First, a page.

If you’re thinking of becoming a professional garden or landscape designer, there are endless websites giving basic information about business start-ups but what about the things that are specific to the gardening profession? Here, expert Garden Designer and NDA tutor Gill shares some top tips for starting a gardening and landscaping business from home.
Do Your Research
Before you commit to a particular business model, do your market research. What are other designers and contractors offering in your area, what are they charging and how far afield are you prepared to go? It can be a pointless exercise to explore avenues that are already well-covered, so find a gap in the market. That may be a garden design specialisation, e.g. sustainable design, but could equally well relate to the way you work and the services you provide. You may also find it helpful to consider the potential impact of your social and professional circles on your business; what sort of business are you likely to pick up easily? Do you have connections to get commercial landscaping business or will you be relying on residential customers and word of mouth in your local community?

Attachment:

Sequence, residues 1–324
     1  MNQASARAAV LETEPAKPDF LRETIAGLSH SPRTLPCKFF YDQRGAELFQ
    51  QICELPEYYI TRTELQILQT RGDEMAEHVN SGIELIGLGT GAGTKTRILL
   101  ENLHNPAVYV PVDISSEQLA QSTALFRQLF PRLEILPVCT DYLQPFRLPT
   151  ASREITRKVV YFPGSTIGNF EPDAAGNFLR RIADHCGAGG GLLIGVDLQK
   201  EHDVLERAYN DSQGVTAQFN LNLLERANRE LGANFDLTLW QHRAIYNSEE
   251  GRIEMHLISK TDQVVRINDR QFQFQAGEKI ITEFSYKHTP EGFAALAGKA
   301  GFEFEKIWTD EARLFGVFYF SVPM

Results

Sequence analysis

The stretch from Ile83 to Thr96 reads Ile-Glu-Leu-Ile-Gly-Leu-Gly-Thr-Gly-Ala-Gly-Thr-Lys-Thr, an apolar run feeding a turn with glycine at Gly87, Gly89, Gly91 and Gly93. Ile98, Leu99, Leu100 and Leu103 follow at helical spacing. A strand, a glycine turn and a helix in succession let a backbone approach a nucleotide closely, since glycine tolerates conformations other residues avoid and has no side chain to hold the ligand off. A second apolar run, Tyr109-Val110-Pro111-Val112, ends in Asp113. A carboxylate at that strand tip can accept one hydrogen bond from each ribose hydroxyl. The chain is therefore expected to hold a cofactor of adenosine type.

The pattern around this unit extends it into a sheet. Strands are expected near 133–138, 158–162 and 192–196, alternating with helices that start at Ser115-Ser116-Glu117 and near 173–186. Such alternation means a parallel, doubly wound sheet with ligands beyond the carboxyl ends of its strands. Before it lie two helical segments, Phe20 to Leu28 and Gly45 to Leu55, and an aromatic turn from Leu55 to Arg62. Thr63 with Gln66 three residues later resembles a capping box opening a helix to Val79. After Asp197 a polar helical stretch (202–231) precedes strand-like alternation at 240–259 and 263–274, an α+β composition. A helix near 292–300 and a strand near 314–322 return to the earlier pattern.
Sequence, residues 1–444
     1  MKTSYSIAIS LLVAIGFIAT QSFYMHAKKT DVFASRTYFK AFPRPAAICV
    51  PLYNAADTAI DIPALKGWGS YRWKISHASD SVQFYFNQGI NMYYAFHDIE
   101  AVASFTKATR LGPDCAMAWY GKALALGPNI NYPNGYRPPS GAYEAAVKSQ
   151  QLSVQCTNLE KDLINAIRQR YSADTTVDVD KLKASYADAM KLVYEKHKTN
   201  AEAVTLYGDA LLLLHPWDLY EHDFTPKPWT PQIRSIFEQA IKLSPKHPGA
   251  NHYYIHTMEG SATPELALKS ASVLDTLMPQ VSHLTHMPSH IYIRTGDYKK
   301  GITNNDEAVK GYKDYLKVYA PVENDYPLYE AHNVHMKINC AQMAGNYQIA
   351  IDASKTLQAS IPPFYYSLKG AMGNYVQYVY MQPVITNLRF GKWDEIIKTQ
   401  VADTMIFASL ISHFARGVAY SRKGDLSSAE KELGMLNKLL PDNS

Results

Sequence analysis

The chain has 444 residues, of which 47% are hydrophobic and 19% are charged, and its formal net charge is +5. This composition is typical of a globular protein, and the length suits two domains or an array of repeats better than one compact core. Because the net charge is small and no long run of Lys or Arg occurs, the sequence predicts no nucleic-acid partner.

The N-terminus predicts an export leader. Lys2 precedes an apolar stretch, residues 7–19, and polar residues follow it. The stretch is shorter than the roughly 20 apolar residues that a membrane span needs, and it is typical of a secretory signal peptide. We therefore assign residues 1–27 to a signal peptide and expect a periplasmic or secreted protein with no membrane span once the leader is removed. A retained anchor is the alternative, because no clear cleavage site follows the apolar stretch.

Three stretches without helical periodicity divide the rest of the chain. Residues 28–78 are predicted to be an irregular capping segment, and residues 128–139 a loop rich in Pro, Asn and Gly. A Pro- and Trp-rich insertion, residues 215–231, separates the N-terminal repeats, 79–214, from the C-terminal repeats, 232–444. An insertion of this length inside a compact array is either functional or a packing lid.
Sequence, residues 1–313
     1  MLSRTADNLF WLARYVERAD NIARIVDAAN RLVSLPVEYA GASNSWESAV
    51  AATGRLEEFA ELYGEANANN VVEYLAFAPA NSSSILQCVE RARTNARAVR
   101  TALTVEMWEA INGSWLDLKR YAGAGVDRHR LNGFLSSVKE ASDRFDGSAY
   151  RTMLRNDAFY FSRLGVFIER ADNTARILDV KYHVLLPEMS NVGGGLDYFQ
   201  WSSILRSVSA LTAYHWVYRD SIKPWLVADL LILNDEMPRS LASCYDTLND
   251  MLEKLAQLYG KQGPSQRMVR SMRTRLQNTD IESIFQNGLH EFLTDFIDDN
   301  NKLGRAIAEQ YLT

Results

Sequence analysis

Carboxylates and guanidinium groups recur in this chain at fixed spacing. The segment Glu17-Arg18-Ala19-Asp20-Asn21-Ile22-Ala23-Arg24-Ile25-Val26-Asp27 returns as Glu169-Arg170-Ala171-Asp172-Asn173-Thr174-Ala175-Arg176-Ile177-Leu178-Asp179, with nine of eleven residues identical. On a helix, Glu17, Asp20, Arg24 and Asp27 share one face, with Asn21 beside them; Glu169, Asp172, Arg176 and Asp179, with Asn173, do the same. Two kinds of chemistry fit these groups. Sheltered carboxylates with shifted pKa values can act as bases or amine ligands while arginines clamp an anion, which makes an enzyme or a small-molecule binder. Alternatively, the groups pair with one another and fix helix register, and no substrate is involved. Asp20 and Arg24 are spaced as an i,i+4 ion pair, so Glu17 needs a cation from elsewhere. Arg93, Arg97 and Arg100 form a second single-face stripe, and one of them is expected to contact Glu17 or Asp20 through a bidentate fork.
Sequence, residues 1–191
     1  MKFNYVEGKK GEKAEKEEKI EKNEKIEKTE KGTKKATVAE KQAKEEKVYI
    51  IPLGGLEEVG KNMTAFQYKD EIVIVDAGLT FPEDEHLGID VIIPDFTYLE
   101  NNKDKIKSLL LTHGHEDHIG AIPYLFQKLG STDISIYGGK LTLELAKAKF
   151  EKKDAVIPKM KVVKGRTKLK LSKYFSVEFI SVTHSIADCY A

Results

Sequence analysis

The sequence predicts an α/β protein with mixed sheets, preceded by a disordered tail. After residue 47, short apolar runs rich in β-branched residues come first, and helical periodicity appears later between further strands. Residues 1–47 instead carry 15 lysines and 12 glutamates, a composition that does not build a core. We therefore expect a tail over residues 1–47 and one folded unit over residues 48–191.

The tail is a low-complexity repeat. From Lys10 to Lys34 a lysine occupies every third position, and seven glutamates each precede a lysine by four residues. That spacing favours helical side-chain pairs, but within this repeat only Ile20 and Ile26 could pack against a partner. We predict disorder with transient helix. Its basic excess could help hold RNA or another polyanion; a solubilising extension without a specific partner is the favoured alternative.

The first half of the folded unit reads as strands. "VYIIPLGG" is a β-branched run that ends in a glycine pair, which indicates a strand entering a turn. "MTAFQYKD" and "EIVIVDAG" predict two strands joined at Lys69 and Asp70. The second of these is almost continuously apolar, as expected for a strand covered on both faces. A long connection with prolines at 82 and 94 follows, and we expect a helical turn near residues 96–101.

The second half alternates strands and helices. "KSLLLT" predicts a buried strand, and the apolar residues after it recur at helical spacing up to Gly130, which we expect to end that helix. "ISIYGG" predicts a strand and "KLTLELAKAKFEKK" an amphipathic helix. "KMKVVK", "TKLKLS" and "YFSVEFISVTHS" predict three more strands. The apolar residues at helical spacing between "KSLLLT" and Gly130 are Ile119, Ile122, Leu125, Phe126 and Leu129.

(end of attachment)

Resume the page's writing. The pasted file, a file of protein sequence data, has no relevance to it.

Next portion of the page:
Write a Business Plan
When you’re first starting your garden design or landscaping business, a business plan will test the seriousness of your intentions by focusing the mind, among other things, on planning publicity and advertising, and target setting. The way in which you measure your success during your early years will not be wholly dependent upon financial goals. You may wish to develop a portfolio of designs for a range of garden sizes, for example, and may find yourself volunteering your services for a discounted rate or for free to achieve those ends. Alternatively, you may have a burning desire to have a border or garden at a garden show. Remember: the activity of meeting potential clients, even if it fails to result in a contract, is an invaluable opportunity to hone your presentation and communication skills.
Know Your Limitations
By being aware of your weaknesses you can avoid expensive mistakes. This can apply to the activities of running a garden or landscaping business as well as the design elements. Employ the services of other professionals to ensure that your business is the best, most productive and financially viable that it can be. A good accountant can certainly save you money but the extent to which this is so, will depend upon your turnover. You may find it useful to use the help of an app such as QuickBooks and, if combined with the services of an accountant, this can be a great way of avoiding having to hand over your treasured paperwork to a relative stranger! Knowing your way round a spreadsheet is an excellent way of cutting accounting costs if you fall below the level at which full accounts are required.